“Don’t hit the kids and don’t hit on the kids.” If I had to summarize my best advice about teaching in just one saying, that would be it. However, last summer’s post, 50 Things New Teachers Need To Know, went into a bit more detail and has now garnered thousands of hits, making it this blog’s most popular post.
During the school year between then and now, I’ve made some more notes and now have this new collection ready. As I say at the end, take it all with a grain of salt, but I have no doubt that this list is more useful than a bachelor’s degree in education. Furthermore, I like this list even more than last year’s. Enjoy!
1. Cover any windows on hallway-facing doors to your room from the inside with paper. If administrators complain about it, just cover as much as you can at eye level. You don’t need lollygaggers out there distracting students by making faces at their friends in your class.
2. PC Myth #5: “Your teaching skills are more important than content knowledge.” In my own undergrad days, an early class taught me that I wouldn’t need to worry about subject knowledge because I already had more than the students would, and I should just focus on methodology, classroom management, etc. As a result, I spent my first couple of years as a teacher watching all those college theories go down in flames, and desperately playing catch up on the English facts that I needed to know to teach well.
3. Always remember: administrators are politicians. Many, perhaps most, are personable and caring, and try to support you and help students, but nobody ever became an administrator for those reasons. No, people get office jobs because it offers more salary and authority, and any administrator’s first priority will always be protecting their own career. If you ever end up having a serious problem with a parent or student, your administrators might defend you…but don’t count on it. You can like your leaders, but don’t ever trust them. The risk to yourself is too great.
4. As soon as you can (before the school year starts, if possible), sign up for your local newspaper’s classroom delivery plan. No matter what subject you teach, this will be an invaluable source of topical, timely lesson materials. Regularly delivered newspapers will also help you establish a routine that you can rely on. I use mine as a way for students to do reading response journals with independently chosen material (they choose two stories, from different sections), making them punctuate titles correctly, incorporate quotes into their commentary, etc. Ask your school librarian about it.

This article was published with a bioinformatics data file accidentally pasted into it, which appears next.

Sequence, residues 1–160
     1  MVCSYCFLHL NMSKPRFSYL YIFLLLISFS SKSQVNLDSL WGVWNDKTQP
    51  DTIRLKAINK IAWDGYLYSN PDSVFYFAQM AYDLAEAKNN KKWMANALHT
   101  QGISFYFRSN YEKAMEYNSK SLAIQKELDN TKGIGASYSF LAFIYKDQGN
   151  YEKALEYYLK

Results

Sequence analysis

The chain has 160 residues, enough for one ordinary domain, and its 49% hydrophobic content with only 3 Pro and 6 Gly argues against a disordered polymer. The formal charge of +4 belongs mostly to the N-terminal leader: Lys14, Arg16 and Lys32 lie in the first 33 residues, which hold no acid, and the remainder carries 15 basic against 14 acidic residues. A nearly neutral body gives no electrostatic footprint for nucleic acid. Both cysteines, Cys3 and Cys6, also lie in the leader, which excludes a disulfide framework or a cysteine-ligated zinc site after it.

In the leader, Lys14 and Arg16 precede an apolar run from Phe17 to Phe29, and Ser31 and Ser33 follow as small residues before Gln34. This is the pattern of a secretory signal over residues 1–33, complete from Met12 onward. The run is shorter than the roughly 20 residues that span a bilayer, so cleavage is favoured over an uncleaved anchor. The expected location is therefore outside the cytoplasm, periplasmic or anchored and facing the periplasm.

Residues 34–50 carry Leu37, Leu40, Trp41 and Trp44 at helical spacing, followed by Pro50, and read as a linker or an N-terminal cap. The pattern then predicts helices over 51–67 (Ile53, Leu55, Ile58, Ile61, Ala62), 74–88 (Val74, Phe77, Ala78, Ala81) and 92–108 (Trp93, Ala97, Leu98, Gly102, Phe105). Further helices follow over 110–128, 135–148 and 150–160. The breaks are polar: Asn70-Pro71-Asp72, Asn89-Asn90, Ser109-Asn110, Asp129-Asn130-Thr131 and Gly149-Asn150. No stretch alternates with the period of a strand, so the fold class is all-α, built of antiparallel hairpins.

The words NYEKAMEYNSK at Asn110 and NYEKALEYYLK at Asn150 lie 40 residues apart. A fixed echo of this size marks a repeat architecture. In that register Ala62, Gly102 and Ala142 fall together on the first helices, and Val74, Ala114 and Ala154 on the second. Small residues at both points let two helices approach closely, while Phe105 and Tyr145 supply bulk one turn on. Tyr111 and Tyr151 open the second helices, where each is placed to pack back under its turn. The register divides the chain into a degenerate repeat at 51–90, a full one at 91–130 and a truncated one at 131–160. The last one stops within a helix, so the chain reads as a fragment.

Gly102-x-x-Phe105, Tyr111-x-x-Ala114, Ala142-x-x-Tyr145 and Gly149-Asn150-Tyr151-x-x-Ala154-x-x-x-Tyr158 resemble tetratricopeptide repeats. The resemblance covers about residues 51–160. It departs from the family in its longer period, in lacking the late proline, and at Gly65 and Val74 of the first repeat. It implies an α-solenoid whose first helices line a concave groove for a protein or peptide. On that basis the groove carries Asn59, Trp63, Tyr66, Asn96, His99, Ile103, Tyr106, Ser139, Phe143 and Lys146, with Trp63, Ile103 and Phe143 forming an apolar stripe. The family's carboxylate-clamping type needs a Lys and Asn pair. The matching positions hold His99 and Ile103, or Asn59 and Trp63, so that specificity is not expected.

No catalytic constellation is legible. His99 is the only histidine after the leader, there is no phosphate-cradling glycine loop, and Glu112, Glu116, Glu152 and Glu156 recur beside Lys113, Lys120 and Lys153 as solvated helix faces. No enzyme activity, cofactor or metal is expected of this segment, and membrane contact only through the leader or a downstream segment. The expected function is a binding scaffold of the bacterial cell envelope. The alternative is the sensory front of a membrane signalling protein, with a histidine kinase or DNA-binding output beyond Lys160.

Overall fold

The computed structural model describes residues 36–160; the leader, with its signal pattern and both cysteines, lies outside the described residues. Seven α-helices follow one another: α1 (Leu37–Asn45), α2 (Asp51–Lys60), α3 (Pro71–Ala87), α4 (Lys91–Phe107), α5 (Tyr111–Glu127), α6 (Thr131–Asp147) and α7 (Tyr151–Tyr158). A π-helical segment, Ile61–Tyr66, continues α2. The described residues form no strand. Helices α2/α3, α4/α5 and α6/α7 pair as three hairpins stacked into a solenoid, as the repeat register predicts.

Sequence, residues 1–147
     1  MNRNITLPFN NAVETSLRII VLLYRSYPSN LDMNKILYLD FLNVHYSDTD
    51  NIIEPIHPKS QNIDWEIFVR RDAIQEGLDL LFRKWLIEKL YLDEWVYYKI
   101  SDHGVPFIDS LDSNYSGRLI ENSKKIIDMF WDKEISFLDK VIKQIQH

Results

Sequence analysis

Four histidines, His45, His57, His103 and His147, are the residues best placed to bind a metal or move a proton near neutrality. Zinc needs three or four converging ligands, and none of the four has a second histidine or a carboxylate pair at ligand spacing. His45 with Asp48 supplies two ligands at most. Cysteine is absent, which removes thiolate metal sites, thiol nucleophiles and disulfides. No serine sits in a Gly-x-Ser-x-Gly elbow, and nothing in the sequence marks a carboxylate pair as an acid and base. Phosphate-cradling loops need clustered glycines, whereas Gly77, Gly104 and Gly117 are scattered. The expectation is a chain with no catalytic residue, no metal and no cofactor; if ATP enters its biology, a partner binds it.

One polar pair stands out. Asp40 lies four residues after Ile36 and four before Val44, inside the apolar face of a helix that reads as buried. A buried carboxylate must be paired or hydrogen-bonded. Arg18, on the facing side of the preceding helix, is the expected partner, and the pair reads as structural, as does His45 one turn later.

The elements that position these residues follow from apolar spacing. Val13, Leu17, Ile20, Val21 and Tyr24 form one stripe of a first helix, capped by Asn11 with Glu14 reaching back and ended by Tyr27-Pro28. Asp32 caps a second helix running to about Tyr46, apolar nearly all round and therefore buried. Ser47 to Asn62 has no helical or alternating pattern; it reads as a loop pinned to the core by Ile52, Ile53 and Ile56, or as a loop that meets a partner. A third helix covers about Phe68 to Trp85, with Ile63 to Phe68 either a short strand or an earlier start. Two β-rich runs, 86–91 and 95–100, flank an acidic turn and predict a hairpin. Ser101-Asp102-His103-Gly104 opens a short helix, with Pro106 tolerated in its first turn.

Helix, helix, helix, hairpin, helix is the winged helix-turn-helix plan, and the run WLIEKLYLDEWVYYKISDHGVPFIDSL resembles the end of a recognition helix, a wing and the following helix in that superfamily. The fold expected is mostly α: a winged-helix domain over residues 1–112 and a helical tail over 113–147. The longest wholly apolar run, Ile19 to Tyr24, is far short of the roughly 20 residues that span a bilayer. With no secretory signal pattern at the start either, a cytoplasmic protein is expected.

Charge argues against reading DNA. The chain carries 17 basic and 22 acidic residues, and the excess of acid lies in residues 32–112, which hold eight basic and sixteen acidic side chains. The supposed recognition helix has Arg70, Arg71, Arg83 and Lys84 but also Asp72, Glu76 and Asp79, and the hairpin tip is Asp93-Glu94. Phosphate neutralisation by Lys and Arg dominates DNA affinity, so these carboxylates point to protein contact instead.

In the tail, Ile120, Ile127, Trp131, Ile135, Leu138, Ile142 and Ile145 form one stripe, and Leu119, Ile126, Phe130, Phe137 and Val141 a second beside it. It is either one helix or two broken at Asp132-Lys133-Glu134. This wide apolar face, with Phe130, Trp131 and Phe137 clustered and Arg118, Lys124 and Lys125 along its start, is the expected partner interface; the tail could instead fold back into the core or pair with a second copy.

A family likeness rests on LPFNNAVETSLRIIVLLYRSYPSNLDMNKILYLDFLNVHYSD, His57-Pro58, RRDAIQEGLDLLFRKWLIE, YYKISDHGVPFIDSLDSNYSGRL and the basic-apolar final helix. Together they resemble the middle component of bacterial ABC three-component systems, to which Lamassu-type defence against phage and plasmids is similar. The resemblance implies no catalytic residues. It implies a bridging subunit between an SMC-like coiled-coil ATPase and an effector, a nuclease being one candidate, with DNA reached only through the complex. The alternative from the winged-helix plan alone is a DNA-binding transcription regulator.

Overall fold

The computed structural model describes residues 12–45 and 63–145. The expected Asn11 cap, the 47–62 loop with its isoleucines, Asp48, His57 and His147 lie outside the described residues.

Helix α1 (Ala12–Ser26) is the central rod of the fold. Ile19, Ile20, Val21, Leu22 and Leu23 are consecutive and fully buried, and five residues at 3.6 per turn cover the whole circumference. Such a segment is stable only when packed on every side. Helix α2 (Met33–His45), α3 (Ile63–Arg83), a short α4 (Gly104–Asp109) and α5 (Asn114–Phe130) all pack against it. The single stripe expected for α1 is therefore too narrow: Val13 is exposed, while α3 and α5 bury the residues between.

5. Make copies of good and bad examples of student writing (anonymously, of course–scratch out any visible names) that you’ve corrected, and use them in class to show how papers should be edited. Students love this, and it’s a powerful, practical lesson (also, a good routine). Make transparency copies, or see if your school has those new projectors that display normal papers.
6. When a student starts slacking off or avoiding work, intervene as if you’re a peer: pull them aside and express concern for them, in a friendly tone, not as a lecture. Ask them what’s going on. Be firm, though: tell them that the behavior can’t continue, and–this is the most important part–tell them that you need their help to make the whole class successful. That almost always gets real results; kids love thinking that we’re partners.
7. When students have the option of missing your class for a club activity or field trip, etc., but it’s at your discretion, usually don’t let them go. Your class is the most important thing in the world. Of course, exceptions for student merit or activity importance may come up, but in general you’ll save yourself a lot of headaches–and do the students more good–when you reinforce the value of being in class. If they must miss an activity (or, conversely, a class assignment), they have to learn to make choices based on priorities. Beware: student government kids are the most susceptible to feeling like they’re entitled to miss class.
8. Be careful about missing days of work. Any plans you leave for a sub will probably be ruined, and if you purposely leave busy work to avoid that problem, it’s still a wasted day for the class. You being there even if your heart isn’t in it on a certain day will still do the students far more good than being with any sub. Students can tell when you’re taking days off for no good reason, and it changes their view of the class for the worse. Luckily, the converse is also true: teachers who are always there have more serious classes. Besides, using fewer absences might accrue more vacation days in the future. That’s how it works in my school district. All that being said, I recommend taking a free day off in May. You’ll have earned it, and everybody should get to enjoy a lazy Tuesday morning in May, after they’ve worked hard all year.
9. Learn about the 403(b). As a teacher, this will augment your retirement plan and be invaluable to you later on. This doesn’t have to be your top priority right away–lesson plans and classroom management will be more pressing–but when you feel you’re in a good place, ask the veterans on campus about who to set up a good 403(b) with. Certainly look into this by the end of your second year.